PHOTOS: Skillful escape with some luck, says JDF of helicopter crash
A frontal view of the the Bell 206 Platform helicopter that crash landed in Dunbeholden, Portmore, St Catherine on Monday morning.
Civil Military Co-operation and Media Affairs Officer at the Jamaica Defence Force (JDF), Major Basil Jarrett, is thanking the proverbial lucky star that a trainee pilot from the army managed to find an open field in Portmore, St Catherine to crash land a helicopter that developed problems during a training mission on Monday morning, and was able to scramble from the wreckage.
In the process, except for injury to the pilot who was on a solo flight as part of his training requirements, only the Bell 206 Platform helicopter was essentially lost.
The crash occurred in the Dumbeholden community very close to a large gated housing development.
The chopper reportedly developed issues at approximately 10:40 a.m., and Jarrett said initial indications are that the young pilot followed the textbook emergency landing procedures in finding an open field to crash land, then quickly scrambling out of the aircraft to escape the possibility of it going up in flames.
Military personnel at the scene of the helicopter crash in Dunbeholden, Portmore, St Catherine. (Photo: Marlon Reid)
Jarrett said the 11-year-old aircraft was primarily used for training purposes. Fortunately for the trainee, he was able to walk away from the wreckage, and was rushed to the University Hospital of the West Indies (UHWI) by a JDF team that was quickly dispatched to the location.
Throughout the course of the day, JDF personnel, including a helicopter team, were active at the crash site, where they cordoned off a large section of the land surrounding the aircraft in an effort to protect the integrity of investigations that have been launched.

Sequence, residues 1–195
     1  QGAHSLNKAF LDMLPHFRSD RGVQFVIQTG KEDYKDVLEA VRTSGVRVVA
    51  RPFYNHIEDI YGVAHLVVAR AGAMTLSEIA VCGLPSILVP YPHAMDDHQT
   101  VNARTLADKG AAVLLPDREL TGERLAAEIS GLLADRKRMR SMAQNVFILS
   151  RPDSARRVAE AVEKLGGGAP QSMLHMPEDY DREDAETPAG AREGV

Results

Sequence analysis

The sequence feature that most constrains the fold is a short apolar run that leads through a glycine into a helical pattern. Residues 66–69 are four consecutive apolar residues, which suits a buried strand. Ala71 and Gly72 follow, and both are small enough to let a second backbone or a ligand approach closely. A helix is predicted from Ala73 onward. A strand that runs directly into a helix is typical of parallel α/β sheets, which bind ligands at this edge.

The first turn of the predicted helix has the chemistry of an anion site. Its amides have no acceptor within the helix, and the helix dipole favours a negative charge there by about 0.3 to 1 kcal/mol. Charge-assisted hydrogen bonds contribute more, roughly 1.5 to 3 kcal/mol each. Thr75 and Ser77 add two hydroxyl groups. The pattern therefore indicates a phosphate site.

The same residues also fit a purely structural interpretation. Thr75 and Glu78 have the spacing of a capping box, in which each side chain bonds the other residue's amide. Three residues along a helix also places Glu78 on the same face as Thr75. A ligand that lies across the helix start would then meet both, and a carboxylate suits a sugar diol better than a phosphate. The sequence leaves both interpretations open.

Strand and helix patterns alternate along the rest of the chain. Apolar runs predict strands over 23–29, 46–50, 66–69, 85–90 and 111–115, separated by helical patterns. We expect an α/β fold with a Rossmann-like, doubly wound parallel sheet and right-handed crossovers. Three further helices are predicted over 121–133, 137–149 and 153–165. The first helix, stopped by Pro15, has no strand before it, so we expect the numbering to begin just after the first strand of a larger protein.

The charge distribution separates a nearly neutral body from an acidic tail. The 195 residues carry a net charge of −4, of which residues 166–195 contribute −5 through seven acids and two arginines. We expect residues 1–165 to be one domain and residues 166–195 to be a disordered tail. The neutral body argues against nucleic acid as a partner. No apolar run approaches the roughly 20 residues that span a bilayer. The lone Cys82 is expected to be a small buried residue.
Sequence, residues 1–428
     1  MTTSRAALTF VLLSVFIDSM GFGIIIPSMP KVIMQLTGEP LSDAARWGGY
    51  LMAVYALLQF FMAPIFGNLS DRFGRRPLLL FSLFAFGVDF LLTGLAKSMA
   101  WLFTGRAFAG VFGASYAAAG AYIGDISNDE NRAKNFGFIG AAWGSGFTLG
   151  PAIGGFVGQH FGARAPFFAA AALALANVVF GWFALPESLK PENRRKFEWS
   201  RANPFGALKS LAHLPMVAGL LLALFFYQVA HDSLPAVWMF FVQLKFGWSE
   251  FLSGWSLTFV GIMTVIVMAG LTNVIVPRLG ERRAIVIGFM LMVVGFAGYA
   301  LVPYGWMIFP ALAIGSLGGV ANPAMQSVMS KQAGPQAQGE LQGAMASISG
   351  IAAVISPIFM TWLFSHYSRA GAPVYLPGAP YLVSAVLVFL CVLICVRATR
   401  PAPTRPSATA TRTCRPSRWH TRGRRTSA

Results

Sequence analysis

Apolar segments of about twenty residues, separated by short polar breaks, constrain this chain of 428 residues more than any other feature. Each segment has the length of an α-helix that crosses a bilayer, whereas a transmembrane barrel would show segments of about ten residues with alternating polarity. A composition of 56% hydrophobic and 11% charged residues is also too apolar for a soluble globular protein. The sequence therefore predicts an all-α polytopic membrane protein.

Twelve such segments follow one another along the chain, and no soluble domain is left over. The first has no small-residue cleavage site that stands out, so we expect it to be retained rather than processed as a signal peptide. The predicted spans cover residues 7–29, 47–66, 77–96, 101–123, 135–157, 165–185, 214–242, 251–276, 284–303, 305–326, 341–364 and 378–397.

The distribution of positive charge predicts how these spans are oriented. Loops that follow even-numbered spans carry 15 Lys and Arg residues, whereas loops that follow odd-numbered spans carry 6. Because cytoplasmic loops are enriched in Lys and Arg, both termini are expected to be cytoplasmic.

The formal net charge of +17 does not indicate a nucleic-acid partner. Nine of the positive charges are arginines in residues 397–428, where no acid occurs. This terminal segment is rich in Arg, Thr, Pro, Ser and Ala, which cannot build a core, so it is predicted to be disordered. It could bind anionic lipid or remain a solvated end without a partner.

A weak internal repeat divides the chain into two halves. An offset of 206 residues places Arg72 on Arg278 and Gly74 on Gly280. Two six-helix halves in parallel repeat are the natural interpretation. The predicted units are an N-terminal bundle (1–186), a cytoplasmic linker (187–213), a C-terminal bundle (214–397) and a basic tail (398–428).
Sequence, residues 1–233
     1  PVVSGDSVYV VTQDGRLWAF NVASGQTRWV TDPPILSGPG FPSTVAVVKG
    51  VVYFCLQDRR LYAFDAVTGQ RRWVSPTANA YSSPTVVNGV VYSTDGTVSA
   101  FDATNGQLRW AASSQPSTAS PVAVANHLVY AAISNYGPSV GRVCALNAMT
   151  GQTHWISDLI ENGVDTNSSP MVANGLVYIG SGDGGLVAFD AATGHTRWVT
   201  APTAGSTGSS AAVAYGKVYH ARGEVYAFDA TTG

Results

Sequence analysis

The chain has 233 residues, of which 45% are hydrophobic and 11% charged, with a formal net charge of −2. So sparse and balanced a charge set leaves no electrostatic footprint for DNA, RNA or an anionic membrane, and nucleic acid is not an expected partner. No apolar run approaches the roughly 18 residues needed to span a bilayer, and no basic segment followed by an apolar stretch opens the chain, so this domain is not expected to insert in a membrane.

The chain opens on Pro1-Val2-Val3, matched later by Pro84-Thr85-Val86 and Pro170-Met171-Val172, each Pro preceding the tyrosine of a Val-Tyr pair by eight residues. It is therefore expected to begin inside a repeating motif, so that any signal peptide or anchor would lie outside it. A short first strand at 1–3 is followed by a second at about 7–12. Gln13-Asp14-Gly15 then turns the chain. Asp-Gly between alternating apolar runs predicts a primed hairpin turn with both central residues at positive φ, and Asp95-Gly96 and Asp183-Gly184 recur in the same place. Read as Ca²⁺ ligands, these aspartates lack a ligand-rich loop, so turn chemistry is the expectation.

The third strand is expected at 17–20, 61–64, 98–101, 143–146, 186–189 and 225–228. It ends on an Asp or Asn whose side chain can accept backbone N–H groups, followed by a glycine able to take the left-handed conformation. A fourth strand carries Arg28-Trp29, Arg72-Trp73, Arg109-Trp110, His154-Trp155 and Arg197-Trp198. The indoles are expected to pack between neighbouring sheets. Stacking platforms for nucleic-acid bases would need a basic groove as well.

They were supported by personnel from the St Catherine South Police Division, headed by divisional commander, Senior Superintendent Clive Blair, and Deputy Superintendent Neville Knight.
Speaking to the media at the location in mid-afternoon, Jarrett said, "Our priority now is to secure the landing site to ensure that the integrity of the area is not compromised, so that we can carry out our investigations."
Major Basil Jarrett addressing members of the media near the crash site. (Photo: Marlon Reid)
He said the student pilot was on one of his regular training flights, which is routine for trainees at the military flight facility, Caribbean Military Aviation School.
Jarrett said there were reports that the dispatched team got some assistance from residents in the area who had witnessed the helicopter going down.
He said, "any indication as to what may have caused the helicopter to come down this morning, would depend heavily on what we find surrounding the area, so we have been very cautious in ensuring that we keep the area (sterile).
Back-up military personnel approaching the helicopter crash site. (Photo: Marlon Reid)
"We would also like to ask the residents, if they see anything unusual that may look like it had fallen off an aircraft, not to touch it, not to meddle with it, but give us a call at the JDF and let us know, because every single piece of this aircraft is an important part of the investigation."
He said the JDF, in partnership with the Jamaica Civil Aviation Authority (JCAA), will be leading the investigations, which will also involve other relevant agencies and organisations.
Of the crashed helicopter, Jarrett said "it is relatively young when aircraft age is considered”.
He explained that The JDF runs the Caribbean Military Aviation School, “and at some point the pilots have to start to do their solo missions to progress in their training".